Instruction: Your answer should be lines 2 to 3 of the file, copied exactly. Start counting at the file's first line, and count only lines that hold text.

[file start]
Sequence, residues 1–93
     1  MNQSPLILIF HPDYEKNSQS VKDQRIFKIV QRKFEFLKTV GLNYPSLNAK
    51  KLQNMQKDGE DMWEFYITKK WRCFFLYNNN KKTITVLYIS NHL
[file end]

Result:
     1  MNQSPLILIF HPDYEKNSQS VKDQRIFKIV QRKFEFLKTV GLNYPSLNAK
    51  KLQNMQKDGE DMWEFYITKK WRCFFLYNNN KKTITVLYIS NHL